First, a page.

Little Theatre of Alexandria A Christmas CarolBy Xandra Weaver • Dec 3rd, 2012 • Category: Reviews
Little Theatre of Alexandria
Little Theatre of Alexandria, Alexandria, VA
Through December 16th
1:20, without intermission
Reviewed November 30th, 2012
Around this time of year, it is not much of a surprise to turn a corner and find a display reminiscent of the cobblestones and lamp posts, carols and costumes of England in the 1800s. So it is not much of a jump to visit the doorstep of Old Ebenezer Scrooge, brought to life by The Little Theater of Alexandria. They are all there, Bob Cratchit (played by Cal Whitehurst), the Ghosts of the Christmases, and even Tiny Tim (played by the adorable Cillian Farrell).
The light and warmth of this production tells the story again as it was meant to be told. Ebenezer Scrooge (played by Elliot Bales) is a towering statue, a living ice block, whose “Bah HUMBUG” is as grim as any could growl it. He’s visited by the ghost of his former partner, Jacob Marley (Robert Heinly), and with a rattling of chains and a whoosh of wind, his journey towards redemption begins.
The darling children steal the show, as would be expected, with charming smiles and hopeful innocence. This cast has beautiful chemistry, and the honesty of their interactions serve the story well. Also of note was Robert Heinly as Marley. His sonorous voice and commitment to the character were exceptional.
The star of the show, Mr Scrooge himself, Elliot Bales, was in fine form. He played the ogre convincingly, and brought the character to his redemption splendidly. Bales and Erik Harrison, playing his nephew, Fred, showed a very strong relationship. This particular cast used that relationship as a wonderful vehicle for the ultimate redemption.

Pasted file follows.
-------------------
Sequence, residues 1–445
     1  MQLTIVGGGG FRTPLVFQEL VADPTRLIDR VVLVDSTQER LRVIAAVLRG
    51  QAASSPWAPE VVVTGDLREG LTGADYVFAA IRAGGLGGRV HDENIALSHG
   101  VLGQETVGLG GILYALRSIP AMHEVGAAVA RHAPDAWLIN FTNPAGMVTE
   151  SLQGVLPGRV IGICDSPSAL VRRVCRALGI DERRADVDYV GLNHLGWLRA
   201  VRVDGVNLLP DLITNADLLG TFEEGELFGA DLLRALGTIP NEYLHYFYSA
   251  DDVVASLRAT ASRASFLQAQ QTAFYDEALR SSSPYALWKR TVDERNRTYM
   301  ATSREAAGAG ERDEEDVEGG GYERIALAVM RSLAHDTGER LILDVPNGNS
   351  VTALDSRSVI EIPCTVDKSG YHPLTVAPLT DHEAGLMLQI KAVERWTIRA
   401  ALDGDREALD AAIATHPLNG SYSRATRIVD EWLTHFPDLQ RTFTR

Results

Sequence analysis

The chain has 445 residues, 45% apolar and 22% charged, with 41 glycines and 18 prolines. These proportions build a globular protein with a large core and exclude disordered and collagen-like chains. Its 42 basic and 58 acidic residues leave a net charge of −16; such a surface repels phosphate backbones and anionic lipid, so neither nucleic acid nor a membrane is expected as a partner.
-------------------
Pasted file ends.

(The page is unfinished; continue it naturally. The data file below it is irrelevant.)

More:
Overall, the spectacle was wonderful. The stage was well-lit and dressed with Scrooge’s workplace and bedroom all in one, which then became the set for all the visions he sees as the clock struck one. The costumes shone out, as being both lively and period appropriate. Some of the vernacular of the play takes getting used to, as a few voices rang out with a slightly less than perfect English diction, but overall the cast held together. Similarly, a few members of the cast, most notably the Christmas Ghosts, chose to amp up the dramatics of the well-worn play, and became much much larger than life.
The dynamic that the cast built was warm and homey, building on traditions and using materials of the well-loved story to create the spectacle we expect. The audience loved it, the cast was energetic, and the story was well told.
Written in 1843, Charles Dickens’ “A Christmas Carol” is undoubtedly one of the world’s best loved stories. Dickens’ approach to the novella was to divide it into distinct episodes, called staves, a term that refers to a musical notation staff. The use of this term synchronizes beautifully with the title, A Christmas Carol.
The story is largely allegorical, with a clear theme of redemption. Each ghost has a specific function: the Ghost of Christmas Past represents memory; the Ghost of Christmas Present represents charity; and finally, the Ghost of Christmas Yet to Come represents the universal fear of judgement after death. Scrooge himself symbolizes a self-centered, self-regarding society. By way of contrast, the Cratchits portray the joy that may be experienced despite poverty and difficult circumstances. And Fred, Scrooge’s nephew, who delivers a staunch monologue in support of Christmas, serves as a foil to Scrooge and a vision of what Scrooge may yet become.